Influence of olfactory dysfunction on the perception of food
Eating-related problems are among the most frequent issues in olfactory impairment, causing a noticeable loss of quality of life for some of the affected persons. To what extent olfactory dysfunction impacts on the sensory perception of food is less explored. The aim of the present study was to examine the impact of olfactory dysfunction on the perception of food aromas, as well as the perception of the “basic tastes” salty, sour, sweet, and bitter.
Eighty-nine participants were recruited for the prospective study. Group 1 consisted of thoroughly examined patients with olfactory dysfunction (n = 48, mean age = 60.0 years), group 2 consisted of people with normal olfactory function (n = 41, mean age = 50.4 years). First, olfactory and gustatory functions were assessed for all participants with the help of the “Sniffin’Sticks” battery and the “taste strips” test. Second, food odors were rated for their pleasantness, intensity, familiarity and desirability. Last, real food items were tasted orally and the intensity for basic taste qualities (sweet, bitter, salty, and sour) and pleasantness was rated. In addition, salivation was measured following exposure to the food odors.
In comparison to controls, patients rated orthonasal food odors as less pleasant, intense, familiar, and less appetizing. “Taste strip” scores were significantly lower in patients (M = 9.56, SD = 2.76) as compared to controls (M = 10.88, SD = 1.89). In addition, ratings of food liking for chocolate and peanut were lower in patients compared to controls (chocolate: patients—M = 6.85, SD = 2.09, controls—M = 7.90, SD = 1.53; peanut: patients—M = 4.88, SD = 2.20, controls—M = 6.80, SD = 2.33). No significant differences were found regarding the comparison of the salivary flow rate in controls (M = 0.52 g/min, SD = 0.19) and patients (M = 0.50 SD = 0.17).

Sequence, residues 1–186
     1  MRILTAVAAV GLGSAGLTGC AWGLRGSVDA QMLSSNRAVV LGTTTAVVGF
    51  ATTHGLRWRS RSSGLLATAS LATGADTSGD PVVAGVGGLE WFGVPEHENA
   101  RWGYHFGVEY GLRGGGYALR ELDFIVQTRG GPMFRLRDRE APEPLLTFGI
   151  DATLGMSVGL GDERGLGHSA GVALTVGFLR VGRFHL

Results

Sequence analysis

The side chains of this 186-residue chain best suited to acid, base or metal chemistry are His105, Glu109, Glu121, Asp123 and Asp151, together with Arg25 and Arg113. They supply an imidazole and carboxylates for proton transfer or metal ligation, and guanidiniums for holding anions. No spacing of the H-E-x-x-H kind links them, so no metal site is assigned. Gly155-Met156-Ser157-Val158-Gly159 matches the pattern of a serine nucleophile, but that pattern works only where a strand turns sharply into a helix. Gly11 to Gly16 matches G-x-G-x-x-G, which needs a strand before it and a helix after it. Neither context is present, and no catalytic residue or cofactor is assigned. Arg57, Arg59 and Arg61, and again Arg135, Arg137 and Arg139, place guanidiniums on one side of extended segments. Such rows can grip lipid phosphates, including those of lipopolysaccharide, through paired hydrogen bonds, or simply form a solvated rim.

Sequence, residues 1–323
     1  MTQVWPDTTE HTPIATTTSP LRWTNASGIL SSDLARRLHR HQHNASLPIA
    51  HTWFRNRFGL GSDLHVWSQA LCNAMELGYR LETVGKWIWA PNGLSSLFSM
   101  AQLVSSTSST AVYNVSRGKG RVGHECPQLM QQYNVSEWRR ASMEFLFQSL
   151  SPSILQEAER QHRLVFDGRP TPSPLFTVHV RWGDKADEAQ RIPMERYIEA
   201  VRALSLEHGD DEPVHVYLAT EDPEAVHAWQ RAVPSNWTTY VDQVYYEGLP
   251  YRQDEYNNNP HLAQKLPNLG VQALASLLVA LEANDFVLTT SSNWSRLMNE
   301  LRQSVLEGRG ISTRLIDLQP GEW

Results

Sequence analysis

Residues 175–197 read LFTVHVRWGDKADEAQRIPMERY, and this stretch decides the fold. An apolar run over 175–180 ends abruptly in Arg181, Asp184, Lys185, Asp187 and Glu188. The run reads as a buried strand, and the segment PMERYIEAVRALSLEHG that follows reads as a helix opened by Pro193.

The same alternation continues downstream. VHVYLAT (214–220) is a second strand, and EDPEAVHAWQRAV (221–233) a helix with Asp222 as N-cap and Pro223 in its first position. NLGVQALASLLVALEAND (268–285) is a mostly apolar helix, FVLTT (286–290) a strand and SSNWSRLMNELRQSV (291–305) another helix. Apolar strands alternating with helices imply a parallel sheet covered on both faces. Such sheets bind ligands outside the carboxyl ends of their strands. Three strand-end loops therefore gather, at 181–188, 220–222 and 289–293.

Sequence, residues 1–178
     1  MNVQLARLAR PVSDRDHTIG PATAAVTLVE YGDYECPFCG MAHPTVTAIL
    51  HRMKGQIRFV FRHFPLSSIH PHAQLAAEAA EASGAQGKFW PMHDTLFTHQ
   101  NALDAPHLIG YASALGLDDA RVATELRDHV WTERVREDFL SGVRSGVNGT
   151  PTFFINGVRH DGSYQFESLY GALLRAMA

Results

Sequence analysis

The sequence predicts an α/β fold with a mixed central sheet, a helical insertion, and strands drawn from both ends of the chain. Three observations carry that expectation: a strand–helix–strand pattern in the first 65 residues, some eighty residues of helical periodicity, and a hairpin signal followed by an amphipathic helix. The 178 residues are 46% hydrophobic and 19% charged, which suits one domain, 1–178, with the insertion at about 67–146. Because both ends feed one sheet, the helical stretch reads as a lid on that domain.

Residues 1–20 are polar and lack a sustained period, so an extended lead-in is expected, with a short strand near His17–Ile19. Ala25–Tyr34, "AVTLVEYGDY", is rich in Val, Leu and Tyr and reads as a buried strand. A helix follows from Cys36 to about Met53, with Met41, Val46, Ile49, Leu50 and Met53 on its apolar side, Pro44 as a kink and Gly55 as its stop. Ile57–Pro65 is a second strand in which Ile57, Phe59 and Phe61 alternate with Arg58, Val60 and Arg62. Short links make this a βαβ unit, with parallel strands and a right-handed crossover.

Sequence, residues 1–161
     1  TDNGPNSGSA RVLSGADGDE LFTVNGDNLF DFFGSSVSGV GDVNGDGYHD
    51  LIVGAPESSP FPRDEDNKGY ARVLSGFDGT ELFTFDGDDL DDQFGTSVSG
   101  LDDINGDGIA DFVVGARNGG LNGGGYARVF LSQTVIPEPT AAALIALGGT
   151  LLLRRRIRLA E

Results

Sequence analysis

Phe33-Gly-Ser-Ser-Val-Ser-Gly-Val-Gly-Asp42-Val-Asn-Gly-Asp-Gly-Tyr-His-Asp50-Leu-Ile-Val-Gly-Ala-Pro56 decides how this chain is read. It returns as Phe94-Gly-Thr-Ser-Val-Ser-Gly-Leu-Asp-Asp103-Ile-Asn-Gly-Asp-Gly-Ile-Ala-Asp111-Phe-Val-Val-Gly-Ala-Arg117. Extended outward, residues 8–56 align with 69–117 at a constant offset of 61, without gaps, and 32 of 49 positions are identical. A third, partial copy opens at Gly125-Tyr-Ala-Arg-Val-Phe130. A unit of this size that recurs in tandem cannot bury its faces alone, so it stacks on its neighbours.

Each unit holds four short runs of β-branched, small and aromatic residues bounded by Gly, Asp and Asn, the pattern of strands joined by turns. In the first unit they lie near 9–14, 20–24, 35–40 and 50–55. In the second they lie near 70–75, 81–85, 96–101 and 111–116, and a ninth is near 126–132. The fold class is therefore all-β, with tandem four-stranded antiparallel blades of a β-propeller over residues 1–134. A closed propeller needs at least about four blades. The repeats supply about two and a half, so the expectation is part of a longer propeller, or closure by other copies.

Changes in the perception of odors may change the perception of food with specific effects on food liking. Olfactory dysfunction affects gustatory function, indicating the central-nervous interaction between taste and smell. Still, olfactory dysfunction did not appear to affect patients’ salivary flow.
KeywordsOlfactory dysfunction Smell Eating Taste Flavor
The authors thank Han-Seok Seo, PhD for assisting in data acquisition. This research was supported by a grant from the Deutsche Forschungsgemeinschaft to TH (DFG HU411/18–1).
Source of financial support or funding: This research was supported by a grant from the Deutsche Forschungsgemeinschaft to TH (DFG HU411/18–1).
Compliance with ethical standards
Conflict of interest
This research received financial support by the Deutsche Forschungsgemeinschaft to TH (DFG HU411/18–1). All other authors declare that they have no conflict of interest.
Research involving human participants
All procedures performed in studies involving human participants were in accordance with the ethical standards of the institutional and/or national research committee and with the 1964 Helsinki Declaration and its later amendments or comparable ethical standards. The study was approved by the Ethics committee of the Medical Faculty of the Technical University of Dresden(EK441102016). This article does not contain any studies with animals performed by any of the authors.
Informed consent was obtained from all individual participants included in the study.
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